But when you're in the home, living with it, it's nothing. Right? So I don't know if I can answer that question. Cause I think it does vary firm to firm, but I would say go into it with a mentality of this is going to be a longer process and I want to be very intentional about every step so that I end up with a final product that I'm proud of.
Would you say that every client, well, I guess every person who wants to do a remodel should hire a designer?
I hesitate on this question because I want to say yes. I want to say yes. The exception to that would be, if you feel very confident and prepared and you have the space in your schedule to dedicate to ordering your own materials, sourcing your own materials, doing the research for yourself. I'm not going to say it's impossible for clients to do that. It's just most often people think it's going to be like a couple hours a week and it ends up taking a lot more of their time. And that's what a designer is there to do. They, they have years of experience and they've already done all the sifting through. The not so great stuff that's out there. Right? So the stuff they're bringing you is the first choice, otherwise they wouldn't bring it to you.
So I would say you should err on the side of having a designer, especially if you're touching several spaces. Also with an understanding that not everyone can afford a designer. Not everyone, you know, has the luxury of a longer timeline. We work with many people who don't have designers, but they are prepared to do the homework that we need them to do.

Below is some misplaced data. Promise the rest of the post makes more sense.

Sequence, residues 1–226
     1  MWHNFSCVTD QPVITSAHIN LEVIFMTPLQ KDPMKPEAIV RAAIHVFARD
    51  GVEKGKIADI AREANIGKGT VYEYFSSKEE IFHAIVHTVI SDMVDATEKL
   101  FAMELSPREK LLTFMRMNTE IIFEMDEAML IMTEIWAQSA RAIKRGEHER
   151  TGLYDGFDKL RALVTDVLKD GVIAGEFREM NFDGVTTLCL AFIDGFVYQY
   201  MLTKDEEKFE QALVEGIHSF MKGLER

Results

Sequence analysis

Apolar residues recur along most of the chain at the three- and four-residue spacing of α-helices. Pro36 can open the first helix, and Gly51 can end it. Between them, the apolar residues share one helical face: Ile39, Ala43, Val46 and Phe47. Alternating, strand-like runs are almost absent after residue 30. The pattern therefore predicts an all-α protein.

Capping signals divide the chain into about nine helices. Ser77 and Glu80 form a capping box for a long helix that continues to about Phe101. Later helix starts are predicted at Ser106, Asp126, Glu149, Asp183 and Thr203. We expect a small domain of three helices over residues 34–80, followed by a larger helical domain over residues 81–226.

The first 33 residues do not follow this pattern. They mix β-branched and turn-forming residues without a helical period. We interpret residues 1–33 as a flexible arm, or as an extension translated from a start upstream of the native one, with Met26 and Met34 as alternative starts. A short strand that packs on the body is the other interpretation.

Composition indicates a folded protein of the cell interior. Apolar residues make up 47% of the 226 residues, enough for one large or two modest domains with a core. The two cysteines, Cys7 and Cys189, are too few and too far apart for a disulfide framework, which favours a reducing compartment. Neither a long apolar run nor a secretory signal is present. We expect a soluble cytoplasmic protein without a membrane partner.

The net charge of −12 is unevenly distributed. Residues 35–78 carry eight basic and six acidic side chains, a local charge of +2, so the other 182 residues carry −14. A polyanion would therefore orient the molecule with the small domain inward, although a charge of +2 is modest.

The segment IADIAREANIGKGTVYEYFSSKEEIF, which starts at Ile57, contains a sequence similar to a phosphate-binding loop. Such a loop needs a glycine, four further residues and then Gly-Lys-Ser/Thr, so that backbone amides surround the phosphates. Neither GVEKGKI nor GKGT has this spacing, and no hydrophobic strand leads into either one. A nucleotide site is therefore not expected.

We are set up to like kind of, you know, support them with materials, support them with floor plans. We can kind of fill in the gaps. But I think our more successful projects have designers.
You know, it's funny when I think I've mentioned this on previous episodes is that I've closed out, like I do a close out meeting at the end of the project with the client and the clients did not hire designers. Multiple times different people have said, I now understand the importance of hiring a designer.
And I wish that I had.
They got religion.
We got literally it's like, but it's not even because of their choice, but the choices were beautiful, But it was, I didn't even realize how hard this was to like, make sure everything like existed really well in this space together.
But also, I think people don't realize when you act as the designer, you have to be available to make game time decisions.